The colourful electrical phenomenon Aurora Australis may be visible in skies in southern Victoria and Tasmania tonight thanks to a powerful solar ejection from the sun’s surface.

“It’s very unusual to have this sort of thing happening during this time in the sun’s cycle, so that’s why everyone’s really excited about it,” says Melbourne University physicist Clare Kenyon.

The Bureau of Meteorology forecasts that solar eruptions – large clouds of plasma called coronal mass ejections – will collide with the Earth’s atmosphere to produce brightly coloured displays.

Kenyon explains that the sun’s magnetic field activity fluctuates in cycles of about 11 years, making this particular event a rare one: “We’re currently at the end of solar cycle 24. And it should be, all things considered, quite quiet.”

The spectacular colours produced in auroras are caused by the solar storm particles interacting with gas molecules in the Earth’s atmosphere, with oxygen emitting greenish to yellow lights and nitrogen producing dark red and blue lights.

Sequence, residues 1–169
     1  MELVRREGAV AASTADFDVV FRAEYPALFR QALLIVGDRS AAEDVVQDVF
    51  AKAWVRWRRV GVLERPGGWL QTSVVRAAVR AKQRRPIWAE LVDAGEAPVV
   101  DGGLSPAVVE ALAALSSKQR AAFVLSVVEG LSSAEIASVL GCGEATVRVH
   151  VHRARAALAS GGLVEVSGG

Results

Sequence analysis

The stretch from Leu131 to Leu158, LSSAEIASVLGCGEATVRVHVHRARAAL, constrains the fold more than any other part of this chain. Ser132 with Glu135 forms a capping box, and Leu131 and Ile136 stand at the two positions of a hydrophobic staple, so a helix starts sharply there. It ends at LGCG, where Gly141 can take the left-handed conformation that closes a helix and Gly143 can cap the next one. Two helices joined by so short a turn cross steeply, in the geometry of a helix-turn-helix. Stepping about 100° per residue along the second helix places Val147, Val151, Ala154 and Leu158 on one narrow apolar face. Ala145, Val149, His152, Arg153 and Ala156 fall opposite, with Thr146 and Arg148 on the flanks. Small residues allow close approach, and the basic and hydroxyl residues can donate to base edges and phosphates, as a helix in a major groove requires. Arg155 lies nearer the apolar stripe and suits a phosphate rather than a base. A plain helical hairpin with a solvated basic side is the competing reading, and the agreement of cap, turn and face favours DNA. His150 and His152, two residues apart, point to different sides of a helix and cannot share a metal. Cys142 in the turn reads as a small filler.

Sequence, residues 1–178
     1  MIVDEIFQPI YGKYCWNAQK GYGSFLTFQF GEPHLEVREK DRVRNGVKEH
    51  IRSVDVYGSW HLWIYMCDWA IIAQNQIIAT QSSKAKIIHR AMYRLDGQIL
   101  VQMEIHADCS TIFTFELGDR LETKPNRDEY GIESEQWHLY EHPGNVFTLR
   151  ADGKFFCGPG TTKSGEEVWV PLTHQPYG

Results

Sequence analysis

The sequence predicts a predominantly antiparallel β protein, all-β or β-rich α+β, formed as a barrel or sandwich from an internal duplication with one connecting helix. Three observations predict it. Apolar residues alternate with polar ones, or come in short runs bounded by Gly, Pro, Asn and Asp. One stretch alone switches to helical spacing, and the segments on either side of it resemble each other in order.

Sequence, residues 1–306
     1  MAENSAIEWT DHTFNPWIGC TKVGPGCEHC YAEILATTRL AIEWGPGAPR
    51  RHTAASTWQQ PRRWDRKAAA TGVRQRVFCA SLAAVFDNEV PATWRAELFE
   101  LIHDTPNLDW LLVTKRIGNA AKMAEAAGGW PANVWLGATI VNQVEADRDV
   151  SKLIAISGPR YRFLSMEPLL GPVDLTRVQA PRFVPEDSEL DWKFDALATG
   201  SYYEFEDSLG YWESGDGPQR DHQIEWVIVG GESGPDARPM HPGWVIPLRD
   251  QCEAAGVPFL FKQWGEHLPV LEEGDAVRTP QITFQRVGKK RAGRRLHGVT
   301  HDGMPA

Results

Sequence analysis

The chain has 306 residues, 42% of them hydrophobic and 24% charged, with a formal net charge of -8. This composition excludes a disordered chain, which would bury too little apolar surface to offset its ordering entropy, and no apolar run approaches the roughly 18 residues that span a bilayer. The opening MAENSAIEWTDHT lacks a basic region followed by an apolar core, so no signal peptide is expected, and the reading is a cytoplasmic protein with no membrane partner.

“Sometimes we have a blending of the colours and you can see pink, purple and white lights. That’s what makes the aurora amazing,” said Bureau of Meteorology space weather scientist Dr Zahra Bouya in a recent press conference.

The human eye is less equipped to see the colour changes during an aurora, so it’s worth taking along a DSLR camera. Kenyon suggests taking a long exposure photo.

“You’ll actually see some beautiful colours,” says Bouya. “It’s horizon length, it’s not just one small little patch of sky.”

Best viewing times will be between 3am and 5am on Friday – try and find a place away from city lights and with an uninterrupted view of the horizon, such as a dark beach or headland.

The Bureau of Meteorology has forecast relatively clear weather over Victoria for Thursday night, with the best viewing conditions to the west of Melbourne along the coast. Partly cloudy conditions are currently forecast for Hobart.